The ancient ancestors that were casual and blithely hopeful, underestimating the risks around them – predators, loss of food, aggression from others of their kind – did not pass on their genes. But the ones that were nervous were very successful – and we are their great-grandchildren, sitting atop the food chain.
Consequently, multiple hair-trigger systems in your brain continually scan for threats. At the least whiff of danger – which these days comes mainly in the form of social hazards like indifference, criticism, rejection, or disrespect – alarm bells start ringing. See a frown across a dinner table, hear a cold tone from a supervisor, …
Jul 22, 2011
I have a long history of depression. And though it’s thankfully not a constant companion anymore, it still drops by for a visit now and then. This past week was one of them. Being in it again gave me another opportunity for practice. But it also showed me how far I’ve come. I have the confidence that there’s a way out.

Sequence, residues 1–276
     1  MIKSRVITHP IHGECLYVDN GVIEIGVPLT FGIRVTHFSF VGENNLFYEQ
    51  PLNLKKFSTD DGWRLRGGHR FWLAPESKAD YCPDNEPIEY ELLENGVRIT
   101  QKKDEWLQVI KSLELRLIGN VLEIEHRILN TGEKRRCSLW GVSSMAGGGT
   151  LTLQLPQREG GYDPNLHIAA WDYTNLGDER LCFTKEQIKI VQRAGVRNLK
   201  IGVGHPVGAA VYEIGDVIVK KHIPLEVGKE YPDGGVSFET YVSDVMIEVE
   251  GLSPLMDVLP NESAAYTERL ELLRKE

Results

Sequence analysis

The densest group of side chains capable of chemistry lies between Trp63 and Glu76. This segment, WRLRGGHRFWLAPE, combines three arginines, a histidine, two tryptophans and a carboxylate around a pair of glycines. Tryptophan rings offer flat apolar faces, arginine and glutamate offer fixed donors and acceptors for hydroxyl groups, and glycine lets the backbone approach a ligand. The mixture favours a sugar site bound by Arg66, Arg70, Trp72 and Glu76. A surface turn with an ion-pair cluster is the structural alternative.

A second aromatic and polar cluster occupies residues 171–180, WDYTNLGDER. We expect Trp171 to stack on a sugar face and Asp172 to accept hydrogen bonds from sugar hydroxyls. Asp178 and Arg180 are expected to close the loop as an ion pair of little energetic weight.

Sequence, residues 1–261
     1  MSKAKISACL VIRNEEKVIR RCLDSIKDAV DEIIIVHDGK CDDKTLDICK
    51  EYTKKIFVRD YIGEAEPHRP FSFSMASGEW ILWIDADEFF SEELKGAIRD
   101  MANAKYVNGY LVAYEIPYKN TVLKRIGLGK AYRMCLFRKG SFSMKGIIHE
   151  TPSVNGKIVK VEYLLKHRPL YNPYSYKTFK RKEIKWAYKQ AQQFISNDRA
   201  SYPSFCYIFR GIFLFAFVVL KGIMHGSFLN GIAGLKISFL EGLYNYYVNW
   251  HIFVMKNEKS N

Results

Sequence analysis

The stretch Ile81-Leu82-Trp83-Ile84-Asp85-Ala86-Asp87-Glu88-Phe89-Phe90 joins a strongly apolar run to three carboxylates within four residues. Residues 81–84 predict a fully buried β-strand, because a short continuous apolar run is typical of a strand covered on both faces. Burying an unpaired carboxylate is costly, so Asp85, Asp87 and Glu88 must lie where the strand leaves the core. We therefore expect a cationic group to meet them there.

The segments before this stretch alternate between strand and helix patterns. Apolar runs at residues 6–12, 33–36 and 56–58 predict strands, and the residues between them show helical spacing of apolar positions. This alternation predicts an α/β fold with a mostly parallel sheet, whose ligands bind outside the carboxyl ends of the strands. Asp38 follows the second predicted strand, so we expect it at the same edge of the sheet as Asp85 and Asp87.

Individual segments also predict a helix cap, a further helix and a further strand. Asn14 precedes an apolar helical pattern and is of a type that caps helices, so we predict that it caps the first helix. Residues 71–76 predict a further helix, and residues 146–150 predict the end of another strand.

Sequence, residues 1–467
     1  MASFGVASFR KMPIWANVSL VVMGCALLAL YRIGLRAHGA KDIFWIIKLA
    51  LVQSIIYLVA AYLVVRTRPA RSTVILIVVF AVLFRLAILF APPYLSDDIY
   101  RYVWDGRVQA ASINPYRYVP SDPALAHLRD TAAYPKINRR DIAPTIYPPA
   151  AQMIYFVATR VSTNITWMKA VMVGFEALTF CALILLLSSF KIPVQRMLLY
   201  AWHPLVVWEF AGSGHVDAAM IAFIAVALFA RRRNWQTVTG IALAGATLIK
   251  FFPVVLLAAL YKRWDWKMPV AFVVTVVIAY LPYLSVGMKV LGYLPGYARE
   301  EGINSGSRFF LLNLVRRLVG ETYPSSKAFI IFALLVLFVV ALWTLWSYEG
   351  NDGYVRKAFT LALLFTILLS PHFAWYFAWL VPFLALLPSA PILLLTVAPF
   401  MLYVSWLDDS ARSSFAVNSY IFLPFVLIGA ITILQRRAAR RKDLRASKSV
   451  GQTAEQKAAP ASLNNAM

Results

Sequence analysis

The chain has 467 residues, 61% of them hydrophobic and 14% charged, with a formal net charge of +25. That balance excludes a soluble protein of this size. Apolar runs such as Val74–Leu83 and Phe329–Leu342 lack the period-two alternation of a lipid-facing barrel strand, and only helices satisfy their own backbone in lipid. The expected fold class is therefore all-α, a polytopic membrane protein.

When these moods come lately, they go up and down, and usually pass away after a week or two. (Thank goodness! It didn’t used to be that way.) And all the things that seem so hopeless and overwhelming when I’m down suddenly turn manageable when the mood …
Wildmind Meditation News
May 13, 2011
Ed Halliwell: About four days into my first meditation retreat, I started crying. Not little droplets of tears, but great, big, uncontrolled sobs – it felt like I was throwing up wave after wave of stale sadness. I’d expected the long days of sitting to be boring, annoying, physically demanding and (with a bit of luck) illuminating, so to find myself repeatedly breaking down into a noisy heap of grief came as a shock. These spontaneous outbursts of wailing continued throughout the month-long programme – it says much for the teachers’ equanimity that they didn’t chuck me out.
So when would-be practitioners ask about the benefits of meditation, I tend not to give a straight answer. Will it help you be …
Apr 20, 2011
Daniel Goleman’s new book, The Brain and Emotional Intelligence: New Insights, is a fascinating round-up of the latest cutting-edge research into how emotions are processed in the brain, and how we can better regulate our emotional responses in order to be happier, less stressed, and more creative. This week Bodhipaksa had an opportunity to interview Goleman about the cross-over between Emotional Intelligence and meditative practice.